(Adds analyst comment, updates prices, changes dateline from BEIJING)
LONDON, April 26 (Reuters) - Zinc prices were pushed lower on Thursday by rising inventories while aluminium extended losses as investors priced in a loosening of U.S. sanctions affecting giant Russian producer Rusal.
Zinc stocks in warehouses certified by the London Metal Exchange <MZNSTX-TOTAL> have jumped by 26 percent this week after rising by a further 18,675 tonnes on Thursday.
The amount of cancelled inventory -- stock earmarked for delivery -- was very low at 5.4 percent, LME data showed.
"The real interesting data point is not just the arrivals but (the) cancelled stock," said Oliver Nugent, commodities strategist at ING in Amsterdam.
"You had deeply held trader stocks and those stocks have now been unwound, so that makes metal more available and the tightness is coming off the boil."
In February Zinc touched its highest in more than a decade at $3,595.50 a tonne on supply concerns after closures and suspensions of big mines in recent years, but many operations have resumed production.
Benchmark LME zinc was down 0.8 percent at $3,111.50 a tonne by 1000 GMT, having dropped by 2.4 percent on Wednesday.
* CHINA ZINC: Shanghai zinc was the biggest loser in the base metals complex, closing 3 percent down at 23,685 yuan a tonne.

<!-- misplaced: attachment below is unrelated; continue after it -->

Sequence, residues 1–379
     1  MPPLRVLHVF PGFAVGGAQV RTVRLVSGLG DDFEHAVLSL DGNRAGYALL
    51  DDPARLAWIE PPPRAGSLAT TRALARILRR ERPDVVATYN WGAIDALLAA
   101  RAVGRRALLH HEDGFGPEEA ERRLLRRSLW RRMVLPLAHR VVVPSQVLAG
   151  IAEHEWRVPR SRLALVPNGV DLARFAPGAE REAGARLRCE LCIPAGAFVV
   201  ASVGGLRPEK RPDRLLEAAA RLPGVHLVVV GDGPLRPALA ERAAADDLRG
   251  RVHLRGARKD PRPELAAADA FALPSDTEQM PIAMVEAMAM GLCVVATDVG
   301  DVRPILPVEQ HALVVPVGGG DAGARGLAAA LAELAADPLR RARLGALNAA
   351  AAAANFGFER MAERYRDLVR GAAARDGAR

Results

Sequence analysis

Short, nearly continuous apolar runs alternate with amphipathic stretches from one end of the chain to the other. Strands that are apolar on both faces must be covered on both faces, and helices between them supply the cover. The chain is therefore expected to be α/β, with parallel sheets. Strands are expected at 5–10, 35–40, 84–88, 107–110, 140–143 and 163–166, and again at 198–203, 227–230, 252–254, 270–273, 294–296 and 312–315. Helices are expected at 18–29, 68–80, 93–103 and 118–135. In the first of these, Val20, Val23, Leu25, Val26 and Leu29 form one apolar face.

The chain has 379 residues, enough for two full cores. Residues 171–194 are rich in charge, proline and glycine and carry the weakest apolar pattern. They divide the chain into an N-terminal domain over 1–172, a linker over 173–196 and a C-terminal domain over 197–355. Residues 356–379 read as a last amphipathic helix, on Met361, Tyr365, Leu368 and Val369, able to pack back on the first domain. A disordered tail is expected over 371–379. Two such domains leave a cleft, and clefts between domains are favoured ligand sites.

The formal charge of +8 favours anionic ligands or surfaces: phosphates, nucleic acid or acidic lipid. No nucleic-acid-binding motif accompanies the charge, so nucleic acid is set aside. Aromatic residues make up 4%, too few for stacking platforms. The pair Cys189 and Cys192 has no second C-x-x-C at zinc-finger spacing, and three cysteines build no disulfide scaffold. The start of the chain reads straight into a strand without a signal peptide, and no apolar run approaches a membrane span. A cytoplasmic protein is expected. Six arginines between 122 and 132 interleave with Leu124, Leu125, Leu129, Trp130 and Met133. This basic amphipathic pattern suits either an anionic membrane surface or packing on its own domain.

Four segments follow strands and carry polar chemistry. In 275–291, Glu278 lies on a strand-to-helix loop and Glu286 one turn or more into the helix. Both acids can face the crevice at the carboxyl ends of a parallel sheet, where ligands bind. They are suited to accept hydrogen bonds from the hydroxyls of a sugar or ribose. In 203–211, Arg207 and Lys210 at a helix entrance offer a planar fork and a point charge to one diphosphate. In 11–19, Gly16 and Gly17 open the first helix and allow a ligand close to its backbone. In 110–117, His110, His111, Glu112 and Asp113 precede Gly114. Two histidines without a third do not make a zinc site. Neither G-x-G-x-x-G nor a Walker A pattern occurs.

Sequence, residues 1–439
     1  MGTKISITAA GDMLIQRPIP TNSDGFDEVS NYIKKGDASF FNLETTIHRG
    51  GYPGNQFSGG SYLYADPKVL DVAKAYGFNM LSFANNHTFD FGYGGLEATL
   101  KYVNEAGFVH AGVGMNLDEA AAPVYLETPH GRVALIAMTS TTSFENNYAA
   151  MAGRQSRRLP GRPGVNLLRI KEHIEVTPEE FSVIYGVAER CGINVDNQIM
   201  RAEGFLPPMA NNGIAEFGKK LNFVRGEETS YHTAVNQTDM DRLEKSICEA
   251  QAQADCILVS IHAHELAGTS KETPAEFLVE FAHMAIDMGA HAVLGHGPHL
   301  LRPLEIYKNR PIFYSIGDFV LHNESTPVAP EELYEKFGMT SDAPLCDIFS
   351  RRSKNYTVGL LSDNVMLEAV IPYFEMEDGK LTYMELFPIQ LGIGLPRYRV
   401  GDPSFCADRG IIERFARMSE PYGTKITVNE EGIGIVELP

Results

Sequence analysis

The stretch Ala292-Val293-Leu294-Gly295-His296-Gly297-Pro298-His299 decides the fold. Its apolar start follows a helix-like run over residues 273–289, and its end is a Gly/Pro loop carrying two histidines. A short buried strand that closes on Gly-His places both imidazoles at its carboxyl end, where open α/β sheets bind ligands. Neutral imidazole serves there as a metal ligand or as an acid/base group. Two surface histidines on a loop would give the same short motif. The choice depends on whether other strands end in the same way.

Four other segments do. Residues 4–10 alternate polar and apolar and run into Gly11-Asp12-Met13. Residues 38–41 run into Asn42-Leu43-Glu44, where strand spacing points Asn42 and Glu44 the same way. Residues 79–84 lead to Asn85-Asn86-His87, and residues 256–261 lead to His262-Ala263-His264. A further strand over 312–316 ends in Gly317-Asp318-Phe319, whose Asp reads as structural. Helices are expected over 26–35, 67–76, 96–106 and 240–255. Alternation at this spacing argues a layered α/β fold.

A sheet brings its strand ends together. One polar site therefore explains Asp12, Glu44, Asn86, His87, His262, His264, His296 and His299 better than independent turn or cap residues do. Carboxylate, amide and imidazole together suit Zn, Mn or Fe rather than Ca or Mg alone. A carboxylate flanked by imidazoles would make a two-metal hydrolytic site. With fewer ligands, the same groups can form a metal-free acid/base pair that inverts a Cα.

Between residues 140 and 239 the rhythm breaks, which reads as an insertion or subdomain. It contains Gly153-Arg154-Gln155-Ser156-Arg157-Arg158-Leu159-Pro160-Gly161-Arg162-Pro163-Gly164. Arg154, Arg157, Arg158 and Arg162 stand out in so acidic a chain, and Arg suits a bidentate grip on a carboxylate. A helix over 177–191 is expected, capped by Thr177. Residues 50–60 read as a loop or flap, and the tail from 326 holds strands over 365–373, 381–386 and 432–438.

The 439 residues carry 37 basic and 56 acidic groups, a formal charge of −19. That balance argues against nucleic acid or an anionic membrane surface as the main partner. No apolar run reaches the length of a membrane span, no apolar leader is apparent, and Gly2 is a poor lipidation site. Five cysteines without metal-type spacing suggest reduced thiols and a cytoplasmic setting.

* LME ALUMINIUM: Three-month LME aluminium shed 1.7 percent to $2,207, as investors continued to liquidate after the extension this week of the deadline for compliance with U.S. sanctions on Rusal, one of the world's biggest aluminium producers.
The metal is down about 18 percent from the $2,718 seven-year high hit on April 19 after the original sanctions announcement raised concern over potential aluminium shortages.
* LONG POSITION: The speculative long position in LME aluminium was estimated to have retreated to 21 percent of open interest by Tuesday's close, down from 26 percent a day earlier, Alastair Munro at broker Marex Spectron said in a note.
* ALUMINIUM PREMIUM: The U.S aluminium premium on Comex was at 21.4 cents per pound ($472 a tonne) on Wednesday, down from the three-year high of 22.1 cents hit on April 11.
* DOLLAR - Most other base metals also traded lower, with strength in the dollar making metals more expensive for holders of other currencies.
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(Additional reporting by Tom Daly in Beijing Editing by David Goodman)